Lee John Phillips’ illustrated project, known simply as “The Shed”, is both heartwarming and mind-boggling. Launched in 2014, it started as a way of honoring his late grandfather’s memory by meticulously documenting all the items he had collected in his garden shed. Those mostly consist of uninspiring bits and bobs such as screws and bolts.
“I didn’t intend to draw every single item,” Phillips told Zealous. “However, my job as an art teacher truly helped sculpt the project into what it is today. I was frustrated by the apathy and general demise in work ethic. Very few pupils realize the time that needs to be spent on creating something of value. I thought, foolishly, ‘I’ll show them!’ I very quickly made the decision to catalog everything, even multiples, and have not regretted it.”
The result is overwhelming. Pages upon pages of careful documentation, drawn in black and white. “Some people push themselves by running marathons or climbing mountains,” explains Phillips, “I feel this is my test.” With his daily work taking anything between 10 minutes to 15 hours, it is indeed a test of his patience and will power.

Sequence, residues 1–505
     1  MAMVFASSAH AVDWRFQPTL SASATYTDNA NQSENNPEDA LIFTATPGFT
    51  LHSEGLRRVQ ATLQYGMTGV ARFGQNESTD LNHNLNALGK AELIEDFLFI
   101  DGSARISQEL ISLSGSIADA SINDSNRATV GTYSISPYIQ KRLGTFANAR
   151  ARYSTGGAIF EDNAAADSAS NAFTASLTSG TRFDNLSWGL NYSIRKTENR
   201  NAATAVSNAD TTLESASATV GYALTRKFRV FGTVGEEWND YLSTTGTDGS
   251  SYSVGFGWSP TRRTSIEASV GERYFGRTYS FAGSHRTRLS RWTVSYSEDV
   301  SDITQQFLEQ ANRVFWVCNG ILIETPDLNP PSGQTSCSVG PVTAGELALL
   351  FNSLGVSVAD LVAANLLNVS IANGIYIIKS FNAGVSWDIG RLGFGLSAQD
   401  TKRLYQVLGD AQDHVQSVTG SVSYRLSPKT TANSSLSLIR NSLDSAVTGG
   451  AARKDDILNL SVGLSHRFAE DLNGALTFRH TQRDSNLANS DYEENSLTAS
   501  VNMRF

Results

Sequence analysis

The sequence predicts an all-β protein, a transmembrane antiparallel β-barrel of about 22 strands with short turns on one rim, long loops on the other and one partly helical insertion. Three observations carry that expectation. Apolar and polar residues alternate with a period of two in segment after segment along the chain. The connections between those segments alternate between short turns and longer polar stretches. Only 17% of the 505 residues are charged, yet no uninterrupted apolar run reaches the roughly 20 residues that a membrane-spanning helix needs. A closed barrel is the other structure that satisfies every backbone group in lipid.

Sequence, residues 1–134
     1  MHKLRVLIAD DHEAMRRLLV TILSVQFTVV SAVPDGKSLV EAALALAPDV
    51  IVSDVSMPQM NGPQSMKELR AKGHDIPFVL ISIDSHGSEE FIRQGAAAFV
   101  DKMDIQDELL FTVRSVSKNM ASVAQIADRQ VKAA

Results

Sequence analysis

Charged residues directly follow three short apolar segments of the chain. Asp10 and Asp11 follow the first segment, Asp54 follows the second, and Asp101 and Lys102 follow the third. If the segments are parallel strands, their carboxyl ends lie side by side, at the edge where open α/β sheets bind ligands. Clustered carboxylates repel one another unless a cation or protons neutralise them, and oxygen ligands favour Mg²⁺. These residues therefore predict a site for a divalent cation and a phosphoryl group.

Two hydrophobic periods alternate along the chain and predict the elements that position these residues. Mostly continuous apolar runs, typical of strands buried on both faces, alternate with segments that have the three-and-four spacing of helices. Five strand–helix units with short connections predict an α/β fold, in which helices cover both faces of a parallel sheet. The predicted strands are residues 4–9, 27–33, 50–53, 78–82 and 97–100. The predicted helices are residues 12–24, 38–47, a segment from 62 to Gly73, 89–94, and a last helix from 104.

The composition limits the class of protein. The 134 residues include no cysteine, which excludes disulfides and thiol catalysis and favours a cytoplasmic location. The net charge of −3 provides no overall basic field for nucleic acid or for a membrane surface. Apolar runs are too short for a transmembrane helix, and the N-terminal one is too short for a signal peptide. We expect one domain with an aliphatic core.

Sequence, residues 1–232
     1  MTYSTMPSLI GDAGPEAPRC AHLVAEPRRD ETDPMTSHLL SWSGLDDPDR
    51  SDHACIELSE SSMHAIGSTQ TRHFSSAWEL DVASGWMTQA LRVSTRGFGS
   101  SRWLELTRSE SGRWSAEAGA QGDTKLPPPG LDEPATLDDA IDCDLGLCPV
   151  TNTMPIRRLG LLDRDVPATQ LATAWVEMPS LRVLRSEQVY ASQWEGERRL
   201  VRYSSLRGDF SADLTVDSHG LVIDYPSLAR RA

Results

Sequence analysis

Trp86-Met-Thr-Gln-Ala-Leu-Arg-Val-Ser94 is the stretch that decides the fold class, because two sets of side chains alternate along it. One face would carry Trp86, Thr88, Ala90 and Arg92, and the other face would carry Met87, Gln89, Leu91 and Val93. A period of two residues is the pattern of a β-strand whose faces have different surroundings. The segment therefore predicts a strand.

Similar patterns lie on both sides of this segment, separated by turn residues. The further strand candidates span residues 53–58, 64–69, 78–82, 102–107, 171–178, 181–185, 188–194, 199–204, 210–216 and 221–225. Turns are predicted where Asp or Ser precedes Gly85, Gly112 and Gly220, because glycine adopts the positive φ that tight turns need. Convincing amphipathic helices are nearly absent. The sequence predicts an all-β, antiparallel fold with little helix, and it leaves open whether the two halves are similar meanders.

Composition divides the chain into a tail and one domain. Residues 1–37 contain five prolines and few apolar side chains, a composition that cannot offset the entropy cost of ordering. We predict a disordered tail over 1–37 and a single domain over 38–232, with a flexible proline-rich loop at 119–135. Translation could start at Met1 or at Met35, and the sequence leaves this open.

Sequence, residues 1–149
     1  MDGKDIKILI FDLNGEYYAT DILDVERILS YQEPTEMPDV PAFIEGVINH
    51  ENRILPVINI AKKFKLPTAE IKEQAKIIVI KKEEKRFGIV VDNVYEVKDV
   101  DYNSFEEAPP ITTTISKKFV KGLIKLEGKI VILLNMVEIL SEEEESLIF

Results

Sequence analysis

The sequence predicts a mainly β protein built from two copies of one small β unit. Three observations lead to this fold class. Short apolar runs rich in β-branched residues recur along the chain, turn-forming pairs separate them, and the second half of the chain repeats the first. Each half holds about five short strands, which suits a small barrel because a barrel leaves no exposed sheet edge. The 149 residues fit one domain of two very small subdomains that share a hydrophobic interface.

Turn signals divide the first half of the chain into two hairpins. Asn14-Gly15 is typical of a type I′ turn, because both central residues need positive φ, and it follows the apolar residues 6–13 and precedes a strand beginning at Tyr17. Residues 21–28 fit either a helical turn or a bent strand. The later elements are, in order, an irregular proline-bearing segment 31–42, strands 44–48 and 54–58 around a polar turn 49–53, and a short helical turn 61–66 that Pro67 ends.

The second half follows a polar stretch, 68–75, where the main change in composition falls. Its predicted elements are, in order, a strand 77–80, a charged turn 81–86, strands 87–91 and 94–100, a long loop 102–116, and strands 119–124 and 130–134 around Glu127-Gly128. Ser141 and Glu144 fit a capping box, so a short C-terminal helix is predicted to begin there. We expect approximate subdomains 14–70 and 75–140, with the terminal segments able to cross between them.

“I was brought up in post-industrial South Wales in one of the many mining valleys,” he says. “I’m from a matriarchal background yet was surrounded by men in masculine jobs. Family members are miners, steel fabricators, engineers, plumbers etc – I’m a vegetarian educated in the arts. I feel like the project is a way for me to relate to and preserve my heritage that has sadly been eroded since the early 1980s.”
Aside from a test to his sheer amount of will power, his drawings are stunning in their level of details. Here are some highlights: